Twice already they have come close, in reaching the semi-finals of both the Scottish and League Cups, although the former was the postponed conclusion to last term’s competition. But, as they embark on this season’s version of the tournament, away to Queen of the South tomorrow night, they are seeking to piece together a run that will take them beyond the last four and earn them silverware and a prime spot in the club’s history books.
“It’s been our driver this season,” admitted manager Jack Ross of the push for a top-three finish. “And why it has been so tiring for the group because we’ve pushed them a lot to finish in that position and then we wanted to win a cup.”
Securing third place for the first time in 16 years would be one thing but adding the trophy that had, until 2016, eluded them for well over a century, would elevate the season to one of the best in the club’s history, given they have only twice before finished in the top three of the top tier in the same season they made it to at least the semi-final stage in both cups. That was in 1946/47 and 1950/51.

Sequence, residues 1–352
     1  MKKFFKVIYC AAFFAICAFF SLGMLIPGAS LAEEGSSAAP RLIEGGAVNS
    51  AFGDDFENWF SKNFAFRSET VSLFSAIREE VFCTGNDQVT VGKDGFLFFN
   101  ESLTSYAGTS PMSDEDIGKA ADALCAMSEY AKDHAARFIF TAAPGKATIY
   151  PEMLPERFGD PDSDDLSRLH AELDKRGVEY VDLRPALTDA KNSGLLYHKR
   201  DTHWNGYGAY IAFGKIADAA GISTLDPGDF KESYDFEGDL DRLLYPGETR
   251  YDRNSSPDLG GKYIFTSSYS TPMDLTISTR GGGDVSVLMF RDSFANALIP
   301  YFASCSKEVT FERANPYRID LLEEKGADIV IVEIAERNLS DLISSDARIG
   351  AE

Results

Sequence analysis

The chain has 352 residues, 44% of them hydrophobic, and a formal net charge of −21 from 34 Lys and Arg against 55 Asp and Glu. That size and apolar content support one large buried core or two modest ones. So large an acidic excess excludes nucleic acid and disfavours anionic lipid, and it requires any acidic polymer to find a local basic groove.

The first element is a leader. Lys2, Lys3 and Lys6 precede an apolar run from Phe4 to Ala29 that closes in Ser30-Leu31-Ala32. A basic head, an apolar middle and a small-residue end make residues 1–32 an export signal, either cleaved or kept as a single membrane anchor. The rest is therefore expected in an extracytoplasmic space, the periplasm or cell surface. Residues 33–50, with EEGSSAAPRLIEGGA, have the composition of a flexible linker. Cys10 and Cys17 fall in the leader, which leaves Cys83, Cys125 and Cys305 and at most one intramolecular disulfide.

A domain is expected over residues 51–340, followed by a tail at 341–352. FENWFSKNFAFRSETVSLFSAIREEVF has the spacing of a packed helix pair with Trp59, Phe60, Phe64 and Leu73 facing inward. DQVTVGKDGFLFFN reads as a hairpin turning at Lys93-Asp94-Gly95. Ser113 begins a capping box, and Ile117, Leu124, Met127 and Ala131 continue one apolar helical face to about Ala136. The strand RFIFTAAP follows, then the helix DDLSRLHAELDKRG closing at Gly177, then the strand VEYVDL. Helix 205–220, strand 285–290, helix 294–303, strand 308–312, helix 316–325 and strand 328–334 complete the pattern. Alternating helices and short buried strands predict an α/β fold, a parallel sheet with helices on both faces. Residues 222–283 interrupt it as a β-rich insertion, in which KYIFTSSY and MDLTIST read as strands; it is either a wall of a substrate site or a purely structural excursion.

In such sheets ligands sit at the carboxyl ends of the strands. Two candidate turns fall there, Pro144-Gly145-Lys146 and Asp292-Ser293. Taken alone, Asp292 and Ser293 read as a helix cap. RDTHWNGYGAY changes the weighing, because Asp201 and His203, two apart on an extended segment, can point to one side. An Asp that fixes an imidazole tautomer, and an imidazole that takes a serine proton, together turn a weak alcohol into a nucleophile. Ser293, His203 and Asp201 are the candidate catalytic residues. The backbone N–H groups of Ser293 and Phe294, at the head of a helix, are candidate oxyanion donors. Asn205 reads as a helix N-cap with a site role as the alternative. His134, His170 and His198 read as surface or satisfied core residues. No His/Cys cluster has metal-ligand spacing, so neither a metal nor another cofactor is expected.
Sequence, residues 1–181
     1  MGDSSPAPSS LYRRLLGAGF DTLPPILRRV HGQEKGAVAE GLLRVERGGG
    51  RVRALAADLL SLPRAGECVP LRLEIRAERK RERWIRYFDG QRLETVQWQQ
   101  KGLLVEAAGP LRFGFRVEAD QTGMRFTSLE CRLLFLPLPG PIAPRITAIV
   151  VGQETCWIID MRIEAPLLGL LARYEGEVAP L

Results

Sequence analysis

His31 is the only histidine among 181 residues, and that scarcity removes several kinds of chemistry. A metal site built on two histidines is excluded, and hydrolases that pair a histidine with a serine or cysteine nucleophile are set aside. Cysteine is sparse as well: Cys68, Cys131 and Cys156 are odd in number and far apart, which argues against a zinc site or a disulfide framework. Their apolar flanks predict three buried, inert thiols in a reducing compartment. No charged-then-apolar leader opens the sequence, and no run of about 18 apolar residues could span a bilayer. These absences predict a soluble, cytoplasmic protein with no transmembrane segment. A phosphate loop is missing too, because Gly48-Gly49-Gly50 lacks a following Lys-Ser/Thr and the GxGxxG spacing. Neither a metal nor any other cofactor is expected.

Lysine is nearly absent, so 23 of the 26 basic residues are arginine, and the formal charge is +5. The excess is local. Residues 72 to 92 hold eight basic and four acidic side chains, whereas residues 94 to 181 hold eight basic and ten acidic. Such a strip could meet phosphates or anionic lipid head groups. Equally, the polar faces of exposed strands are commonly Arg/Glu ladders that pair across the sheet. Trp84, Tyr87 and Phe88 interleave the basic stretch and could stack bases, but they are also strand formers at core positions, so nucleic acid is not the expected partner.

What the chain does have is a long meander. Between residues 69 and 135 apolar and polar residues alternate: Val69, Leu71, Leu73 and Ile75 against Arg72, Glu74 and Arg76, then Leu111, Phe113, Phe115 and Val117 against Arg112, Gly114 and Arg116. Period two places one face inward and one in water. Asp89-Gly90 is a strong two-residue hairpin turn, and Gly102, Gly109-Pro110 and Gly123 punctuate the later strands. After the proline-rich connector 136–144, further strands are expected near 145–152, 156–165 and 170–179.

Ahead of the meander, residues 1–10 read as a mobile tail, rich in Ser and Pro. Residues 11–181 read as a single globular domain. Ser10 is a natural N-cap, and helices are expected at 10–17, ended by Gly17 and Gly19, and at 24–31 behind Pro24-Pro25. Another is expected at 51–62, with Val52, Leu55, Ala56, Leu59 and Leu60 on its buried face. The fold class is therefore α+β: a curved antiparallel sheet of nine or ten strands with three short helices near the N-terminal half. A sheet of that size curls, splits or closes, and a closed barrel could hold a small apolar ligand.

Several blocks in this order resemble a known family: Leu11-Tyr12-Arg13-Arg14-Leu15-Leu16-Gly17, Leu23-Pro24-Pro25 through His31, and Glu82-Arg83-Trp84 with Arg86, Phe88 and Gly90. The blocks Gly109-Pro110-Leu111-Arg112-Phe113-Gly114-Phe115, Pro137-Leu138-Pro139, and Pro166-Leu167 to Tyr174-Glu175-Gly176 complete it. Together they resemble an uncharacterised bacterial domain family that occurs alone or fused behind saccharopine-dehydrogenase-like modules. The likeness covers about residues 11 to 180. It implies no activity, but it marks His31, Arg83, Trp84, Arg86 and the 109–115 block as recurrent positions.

The last time they finished as high in the league and won silverware was in 1972/73 when they won the League Cup but they went out in the fourth round of the Scottish Cup that year.
“I think you’ve seen how hard we’ve pushed to win a cup in the two competitions I’ve been involved in in my time here.
“We’ve fallen short and it’s been sore. We’ve taken some criticism for it and I think it was maybe misconstrued that we were satisfied with that but we weren’t, we want to go and win a cup.
“What we’ve done so far is show that we can be there or thereabouts. It’s definitely a competition we can go far in and feel that we can go and win it.
“Yes, it’s going to be busy but it's not unmanageable in any way. I don’t think it’s something that would deflect our attention away from league games.”